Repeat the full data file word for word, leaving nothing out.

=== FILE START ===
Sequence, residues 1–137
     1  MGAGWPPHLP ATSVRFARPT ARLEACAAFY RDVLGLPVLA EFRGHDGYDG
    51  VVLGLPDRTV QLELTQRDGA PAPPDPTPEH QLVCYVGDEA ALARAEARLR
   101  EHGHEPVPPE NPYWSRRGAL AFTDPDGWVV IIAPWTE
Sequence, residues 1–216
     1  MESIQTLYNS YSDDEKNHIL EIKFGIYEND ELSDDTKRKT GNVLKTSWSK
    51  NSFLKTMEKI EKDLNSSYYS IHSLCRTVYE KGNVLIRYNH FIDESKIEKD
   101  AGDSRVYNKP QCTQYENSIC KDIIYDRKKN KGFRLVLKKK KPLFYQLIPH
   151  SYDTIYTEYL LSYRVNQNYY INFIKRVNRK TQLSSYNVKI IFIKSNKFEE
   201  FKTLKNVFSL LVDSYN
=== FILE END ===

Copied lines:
Sequence, residues 1–137
     1  MGAGWPPHLP ATSVRFARPT ARLEACAAFY RDVLGLPVLA EFRGHDGYDG
    51  VVLGLPDRTV QLELTQRDGA PAPPDPTPEH QLVCYVGDEA ALARAEARLR
   101  EHGHEPVPPE NPYWSRRGAL AFTDPDGWVV IIAPWTE
Sequence, residues 1–216
     1  MESIQTLYNS YSDDEKNHIL EIKFGIYEND ELSDDTKRKT GNVLKTSWSK
    51  NSFLKTMEKI EKDLNSSYYS IHSLCRTVYE KGNVLIRYNH FIDESKIEKD
   101  AGDSRVYNKP QCTQYENSIC KDIIYDRKKN KGFRLVLKKK KPLFYQLIPH
   151  SYDTIYTEYL LSYRVNQNYY INFIKRVNRK TQLSSYNVKI IFIKSNKFEE
   201  FKTLKNVFSL LVDSYN